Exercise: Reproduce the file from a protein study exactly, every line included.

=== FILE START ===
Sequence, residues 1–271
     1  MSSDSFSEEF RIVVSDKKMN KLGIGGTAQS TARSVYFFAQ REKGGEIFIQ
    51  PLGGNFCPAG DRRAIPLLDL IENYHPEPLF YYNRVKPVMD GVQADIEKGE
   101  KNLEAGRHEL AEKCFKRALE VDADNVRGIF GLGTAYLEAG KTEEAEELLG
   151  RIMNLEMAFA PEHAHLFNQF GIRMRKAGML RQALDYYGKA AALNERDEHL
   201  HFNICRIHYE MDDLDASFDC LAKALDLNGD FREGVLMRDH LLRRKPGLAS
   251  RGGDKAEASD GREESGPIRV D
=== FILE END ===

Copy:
Sequence, residues 1–271
     1  MSSDSFSEEF RIVVSDKKMN KLGIGGTAQS TARSVYFFAQ REKGGEIFIQ
    51  PLGGNFCPAG DRRAIPLLDL IENYHPEPLF YYNRVKPVMD GVQADIEKGE
   101  KNLEAGRHEL AEKCFKRALE VDADNVRGIF GLGTAYLEAG KTEEAEELLG
   151  RIMNLEMAFA PEHAHLFNQF GIRMRKAGML RQALDYYGKA AALNERDEHL
   201  HFNICRIHYE MDDLDASFDC LAKALDLNGD FREGVLMRDH LLRRKPGLAS
   251  RGGDKAEASD GREESGPIRV D